Teachers Have It Easy.
In my life I’ve discovered that the easiest jobs are all those jobs that I don’t have to do. A few weeks ago I brought my Babicz Spider acoustic – electric guitar to my favorite music shop, Music Central, with a minor problem I needed help fixing. The fitting to the ¼” outlet for an instrument plug. It was loose and if it wasn’t fixed, eventually it would fall off. I reached in the soundhole and into the body of the guitar to try to tighten the nut, but couldn’t get my arm all the way in and it wouldn’t tighten. So I took the guitar to Billy, the bright young tech at Music Central.
Billy popped the outside bushing off with a little twist, put only his hand into the body, not his entire arm, and pulled the unit that I was struggling trying to tighten out of the soundhole and held it outside of the guitar body. He then ran the nut on the unit down to near the end, popped it back into the soundhole and through the hole at the bottom of the guitar, and then put the bushing back on and tightened it with a quick little twist. It was fixed! Quickly, correctly, perfectly. That was so easy! I could have done that. I could have, but I didn’t. Without knowing how to do it, or being able to figure out how to do it, the job was impossible. But it looked easy. It was easy for Billy because he knew what he was doing and in the process he taught me a valuable lesson: I”m not mechanical so bring mechanical jobs to someone who is.
Now for the “easy” job of teaching children: It’s a job I know well, I worked in public education for many years as a school psychologist. I know how “easy” it is. I hope I can find the words to adequately express this insight. The joy of the job made even softer by lofty salaries, incredibly generous benefits and tenure. Who needs tenure anyway? I’ll begin with some examples of life in the easy lane.
My friend Susan is a Kindergarten teacher: can it get any easier than that? Her job is to teach basic reading, writing, math, social skills, conflict resolution, hygiene, work and study skills, tools and habits, deal with cuts, bruises, tears and the joy of being five years of age (the “joy” of the kids that is). Kindergarten teachers were also the best ally I had in identifying kids who were struggling with all sorts of issues so an effective intervention could be enacted. In child development, early intervention is critical even though a lot of administrators lived by the principle of “if nobody notices it’s broke, don’t fix it.”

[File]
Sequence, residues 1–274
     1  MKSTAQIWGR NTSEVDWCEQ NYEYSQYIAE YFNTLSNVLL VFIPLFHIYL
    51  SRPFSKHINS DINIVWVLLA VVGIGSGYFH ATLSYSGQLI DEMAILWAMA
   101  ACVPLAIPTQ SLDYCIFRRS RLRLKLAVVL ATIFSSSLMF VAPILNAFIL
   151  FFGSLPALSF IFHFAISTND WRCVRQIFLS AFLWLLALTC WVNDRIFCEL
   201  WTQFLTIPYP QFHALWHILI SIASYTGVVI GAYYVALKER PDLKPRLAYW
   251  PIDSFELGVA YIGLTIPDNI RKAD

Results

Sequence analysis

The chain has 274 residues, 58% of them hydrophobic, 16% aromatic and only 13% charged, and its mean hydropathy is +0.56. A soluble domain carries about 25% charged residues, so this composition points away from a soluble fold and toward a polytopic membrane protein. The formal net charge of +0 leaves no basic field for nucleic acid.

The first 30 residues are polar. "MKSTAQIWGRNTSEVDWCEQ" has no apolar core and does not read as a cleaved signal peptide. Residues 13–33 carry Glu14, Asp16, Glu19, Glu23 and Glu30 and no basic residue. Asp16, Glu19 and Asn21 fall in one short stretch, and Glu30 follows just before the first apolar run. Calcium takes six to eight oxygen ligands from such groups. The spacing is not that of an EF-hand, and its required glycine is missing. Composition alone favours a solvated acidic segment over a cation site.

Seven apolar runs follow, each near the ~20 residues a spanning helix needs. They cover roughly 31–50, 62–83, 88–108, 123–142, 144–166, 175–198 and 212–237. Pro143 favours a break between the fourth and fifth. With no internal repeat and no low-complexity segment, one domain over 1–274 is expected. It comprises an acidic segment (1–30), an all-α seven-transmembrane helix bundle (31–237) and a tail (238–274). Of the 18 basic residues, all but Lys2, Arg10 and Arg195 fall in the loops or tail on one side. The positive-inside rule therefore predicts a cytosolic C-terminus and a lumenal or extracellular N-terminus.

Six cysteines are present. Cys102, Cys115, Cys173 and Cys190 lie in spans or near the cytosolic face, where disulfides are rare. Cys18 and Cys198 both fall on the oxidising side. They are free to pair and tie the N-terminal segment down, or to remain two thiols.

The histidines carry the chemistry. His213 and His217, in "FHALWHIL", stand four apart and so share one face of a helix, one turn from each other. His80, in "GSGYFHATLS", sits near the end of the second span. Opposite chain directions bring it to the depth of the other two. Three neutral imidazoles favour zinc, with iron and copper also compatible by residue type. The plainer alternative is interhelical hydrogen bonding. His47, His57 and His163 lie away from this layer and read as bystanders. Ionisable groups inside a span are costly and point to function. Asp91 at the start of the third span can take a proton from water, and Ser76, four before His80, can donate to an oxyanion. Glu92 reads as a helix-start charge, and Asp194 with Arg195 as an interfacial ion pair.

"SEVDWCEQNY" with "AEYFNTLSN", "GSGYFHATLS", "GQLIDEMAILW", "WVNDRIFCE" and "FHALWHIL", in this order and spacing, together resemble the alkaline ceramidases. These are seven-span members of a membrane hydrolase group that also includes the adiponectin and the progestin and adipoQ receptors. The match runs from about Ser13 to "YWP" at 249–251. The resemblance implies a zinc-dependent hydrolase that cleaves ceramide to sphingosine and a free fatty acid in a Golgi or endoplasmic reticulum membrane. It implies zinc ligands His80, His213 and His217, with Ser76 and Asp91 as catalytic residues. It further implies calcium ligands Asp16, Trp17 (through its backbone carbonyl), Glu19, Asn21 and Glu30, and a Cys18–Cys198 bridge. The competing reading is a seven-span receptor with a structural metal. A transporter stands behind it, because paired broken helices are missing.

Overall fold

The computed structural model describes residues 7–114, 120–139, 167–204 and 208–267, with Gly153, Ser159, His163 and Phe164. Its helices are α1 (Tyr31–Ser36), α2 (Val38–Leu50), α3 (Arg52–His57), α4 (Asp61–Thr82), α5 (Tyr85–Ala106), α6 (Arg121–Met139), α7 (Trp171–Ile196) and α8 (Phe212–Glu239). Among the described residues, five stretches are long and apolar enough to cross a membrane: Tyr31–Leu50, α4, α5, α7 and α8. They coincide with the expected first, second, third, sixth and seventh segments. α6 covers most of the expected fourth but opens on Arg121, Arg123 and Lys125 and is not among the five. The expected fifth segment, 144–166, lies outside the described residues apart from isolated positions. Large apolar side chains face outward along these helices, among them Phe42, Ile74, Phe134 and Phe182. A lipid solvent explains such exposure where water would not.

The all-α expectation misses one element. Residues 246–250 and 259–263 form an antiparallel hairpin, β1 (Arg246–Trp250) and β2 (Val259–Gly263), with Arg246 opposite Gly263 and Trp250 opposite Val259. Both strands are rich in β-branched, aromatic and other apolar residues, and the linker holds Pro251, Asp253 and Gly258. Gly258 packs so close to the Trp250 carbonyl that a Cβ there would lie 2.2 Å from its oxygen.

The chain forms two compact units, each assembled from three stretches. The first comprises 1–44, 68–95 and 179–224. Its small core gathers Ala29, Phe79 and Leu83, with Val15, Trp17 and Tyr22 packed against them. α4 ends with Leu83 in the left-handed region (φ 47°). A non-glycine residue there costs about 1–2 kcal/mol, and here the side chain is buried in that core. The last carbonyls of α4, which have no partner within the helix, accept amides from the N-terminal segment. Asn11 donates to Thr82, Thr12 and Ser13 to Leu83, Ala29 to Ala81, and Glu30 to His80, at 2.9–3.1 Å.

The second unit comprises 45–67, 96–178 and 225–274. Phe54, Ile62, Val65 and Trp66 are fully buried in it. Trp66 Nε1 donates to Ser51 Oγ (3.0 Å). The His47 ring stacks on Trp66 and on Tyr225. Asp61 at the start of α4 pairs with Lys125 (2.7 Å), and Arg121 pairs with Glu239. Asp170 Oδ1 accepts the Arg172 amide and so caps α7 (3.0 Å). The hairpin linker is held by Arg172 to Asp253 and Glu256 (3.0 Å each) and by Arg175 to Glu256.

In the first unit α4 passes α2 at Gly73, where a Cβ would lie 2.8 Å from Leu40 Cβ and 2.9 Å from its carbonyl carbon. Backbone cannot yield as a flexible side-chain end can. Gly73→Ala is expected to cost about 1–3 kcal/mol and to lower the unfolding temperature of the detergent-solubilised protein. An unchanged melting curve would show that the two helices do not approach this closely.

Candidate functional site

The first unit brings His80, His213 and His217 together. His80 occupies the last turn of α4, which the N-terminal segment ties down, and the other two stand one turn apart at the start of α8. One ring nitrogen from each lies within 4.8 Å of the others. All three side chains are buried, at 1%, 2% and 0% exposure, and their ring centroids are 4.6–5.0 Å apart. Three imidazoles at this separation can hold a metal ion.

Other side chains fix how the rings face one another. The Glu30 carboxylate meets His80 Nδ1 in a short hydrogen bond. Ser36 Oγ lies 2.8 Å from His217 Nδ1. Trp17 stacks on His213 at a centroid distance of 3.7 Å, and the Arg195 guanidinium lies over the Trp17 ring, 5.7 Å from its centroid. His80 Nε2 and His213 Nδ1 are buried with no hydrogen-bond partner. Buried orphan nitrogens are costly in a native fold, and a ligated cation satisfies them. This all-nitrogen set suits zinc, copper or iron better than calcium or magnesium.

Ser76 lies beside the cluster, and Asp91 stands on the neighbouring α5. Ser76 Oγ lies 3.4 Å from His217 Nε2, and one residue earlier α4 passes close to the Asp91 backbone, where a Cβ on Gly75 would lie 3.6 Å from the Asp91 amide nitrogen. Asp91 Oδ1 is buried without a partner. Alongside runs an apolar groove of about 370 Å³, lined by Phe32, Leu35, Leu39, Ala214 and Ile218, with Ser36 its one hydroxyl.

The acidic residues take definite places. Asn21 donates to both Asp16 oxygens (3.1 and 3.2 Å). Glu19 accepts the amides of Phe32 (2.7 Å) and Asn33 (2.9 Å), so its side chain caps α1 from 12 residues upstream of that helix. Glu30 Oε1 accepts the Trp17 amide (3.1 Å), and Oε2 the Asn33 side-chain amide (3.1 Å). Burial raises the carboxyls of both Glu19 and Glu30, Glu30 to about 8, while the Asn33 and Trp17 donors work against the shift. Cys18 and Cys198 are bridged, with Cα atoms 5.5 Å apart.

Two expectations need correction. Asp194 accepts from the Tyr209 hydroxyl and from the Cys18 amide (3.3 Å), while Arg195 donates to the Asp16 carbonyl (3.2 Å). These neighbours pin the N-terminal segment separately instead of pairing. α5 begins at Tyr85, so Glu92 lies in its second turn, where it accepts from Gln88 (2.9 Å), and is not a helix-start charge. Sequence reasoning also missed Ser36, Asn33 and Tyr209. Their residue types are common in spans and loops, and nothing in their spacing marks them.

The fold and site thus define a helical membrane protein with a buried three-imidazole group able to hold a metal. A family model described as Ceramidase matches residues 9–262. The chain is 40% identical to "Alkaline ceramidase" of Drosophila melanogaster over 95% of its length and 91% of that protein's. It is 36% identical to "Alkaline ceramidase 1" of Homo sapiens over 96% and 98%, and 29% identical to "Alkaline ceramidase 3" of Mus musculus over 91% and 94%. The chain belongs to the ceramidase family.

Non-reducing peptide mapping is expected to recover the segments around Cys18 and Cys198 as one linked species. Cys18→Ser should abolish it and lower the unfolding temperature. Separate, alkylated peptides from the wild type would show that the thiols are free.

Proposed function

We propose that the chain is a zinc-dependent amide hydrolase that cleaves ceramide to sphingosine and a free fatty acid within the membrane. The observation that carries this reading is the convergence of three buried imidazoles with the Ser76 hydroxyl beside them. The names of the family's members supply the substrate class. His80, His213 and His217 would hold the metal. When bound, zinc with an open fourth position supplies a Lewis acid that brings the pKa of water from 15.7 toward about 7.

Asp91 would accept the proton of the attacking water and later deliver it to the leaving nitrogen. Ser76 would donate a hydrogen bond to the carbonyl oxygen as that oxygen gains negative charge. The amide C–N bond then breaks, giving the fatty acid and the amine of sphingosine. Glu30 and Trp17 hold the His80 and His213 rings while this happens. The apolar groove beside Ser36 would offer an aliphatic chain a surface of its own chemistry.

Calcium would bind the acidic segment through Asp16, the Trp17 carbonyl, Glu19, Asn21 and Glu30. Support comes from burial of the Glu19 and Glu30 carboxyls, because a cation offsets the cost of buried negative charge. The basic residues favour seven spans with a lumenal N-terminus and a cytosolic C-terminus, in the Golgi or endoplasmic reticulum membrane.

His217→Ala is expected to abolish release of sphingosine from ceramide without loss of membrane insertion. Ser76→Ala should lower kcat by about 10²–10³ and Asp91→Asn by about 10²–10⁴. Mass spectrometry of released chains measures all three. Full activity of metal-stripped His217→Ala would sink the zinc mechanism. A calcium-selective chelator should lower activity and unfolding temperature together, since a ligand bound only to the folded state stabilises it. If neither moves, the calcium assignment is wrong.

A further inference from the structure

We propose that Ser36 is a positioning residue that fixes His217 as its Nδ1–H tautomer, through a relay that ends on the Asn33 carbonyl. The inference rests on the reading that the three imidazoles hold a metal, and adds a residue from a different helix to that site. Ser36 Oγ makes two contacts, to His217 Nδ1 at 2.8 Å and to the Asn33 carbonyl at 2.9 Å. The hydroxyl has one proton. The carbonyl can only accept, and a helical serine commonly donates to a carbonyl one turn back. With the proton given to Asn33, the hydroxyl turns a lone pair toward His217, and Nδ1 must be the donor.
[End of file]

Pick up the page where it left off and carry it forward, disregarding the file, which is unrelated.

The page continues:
It’s so easy. Any of us would welcome 23 such delightful kids to be in our care for 7 hours a day, every day. Would we be able to teach them at the same time? I doubt we’d be able to get a word in over the all the chatter and while you’re chasing down one runaway child, four more have broken loose. They’re little kids, it happens. OK, so maybe Susan doesn’t have it so easy, but Meg does.
Meg is a Special Education Teacher in an elementary school. She does some work in a classroom with another teacher as “in-class support” where she works primarily with children who are “classified” and have an “IEP” (Individual Education Program) that has a list of individual accommodations and modifications that the child needs to receive a “Free Appropriate Public Education” or “FAPE.” The children have a wide range of disabilities including perception problems (such as dyslexia which we don’t call dyslexia but categorize it under the much more descriptive “Specific Learning Disability” or “SLD” (who comes up with these names and how much do they get paid?) which covers a huge range of neurologically based issues, blind and visually impaired, communication impaired, orthopedically impaired, emotionally disturbed, behaviorally disturbed, deaf and hearing impaired, traumatic brain injury cases, autistic and the list goes on. No, it’s not easy either.